- Speak to the emotion (fear, disappointment, anger) by inviting the anxious person/attacker to explore the emotion. This allows the anxious ridden person know that although they may be attacking you, you are still on task, not taking the attack personally and even open for more suitable dialogue in the future.
- Process the conversation later. First alone, then with a trusted guide.
- Take time to explore relationship in your past than may have been anxiety producing. Think about how you reacted and look for correlations to your recent history.
Steinke also comments on this process as an internal intention to “tolerate pain both in ourselves and in others”.
As pastors caught in the middle, we must be intentional in tolerating the pain of our parishioners as they struggle with hierarchical demands. Often we avoid the pain and even make use of it by joining in the griping session. A more mature pastor would avoid such behavior and focus the church leadership to name and attend to the emotions surrounding the impact of the hierarchy. Once these emotions are honored and explored more openness and creativity can fill the room. Instead of the suffocation of anxiety that leads to polarization, the pastor could guide brainstorming sessions with openness to questions and safety that validates varied healthy opinions. From a pastoral care point of view, the pastor could invite parishioners to share more about their feelings in home or office visitation.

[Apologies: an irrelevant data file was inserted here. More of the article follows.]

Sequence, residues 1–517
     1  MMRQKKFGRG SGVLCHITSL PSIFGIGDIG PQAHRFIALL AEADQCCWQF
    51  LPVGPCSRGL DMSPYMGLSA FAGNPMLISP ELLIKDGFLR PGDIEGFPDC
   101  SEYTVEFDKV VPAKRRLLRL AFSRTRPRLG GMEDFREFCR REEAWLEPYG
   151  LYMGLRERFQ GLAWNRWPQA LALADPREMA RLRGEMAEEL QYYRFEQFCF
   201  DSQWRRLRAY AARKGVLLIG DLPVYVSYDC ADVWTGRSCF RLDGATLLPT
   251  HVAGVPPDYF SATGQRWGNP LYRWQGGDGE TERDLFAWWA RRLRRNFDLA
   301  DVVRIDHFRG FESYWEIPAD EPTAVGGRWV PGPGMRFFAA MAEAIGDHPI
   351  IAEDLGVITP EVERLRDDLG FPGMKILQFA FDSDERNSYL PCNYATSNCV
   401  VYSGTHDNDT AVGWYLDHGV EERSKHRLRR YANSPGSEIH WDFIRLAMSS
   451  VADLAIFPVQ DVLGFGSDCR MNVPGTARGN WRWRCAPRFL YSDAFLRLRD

Wisdom teaches us that we (pastors) must discover and claim our own perceptions of those on each side: the church and the hierarchy. With these claimed opinions in hand, we are less likely to allow them to leak. These discoveries are best made in a reflective mediation or prayer time.
This new skill set of internally claiming our own anxiety allows us to not take on the anxiety of another. Finally we are free to walk with our parishioners as a trusted guide as they explore their own anxiety.
One Pondering Prophet’s recommendations for further readings on anxiety
Parker J. Palmer’s The Courage to Teach
Harriet Learner’s Fear and Other Uninvited Guests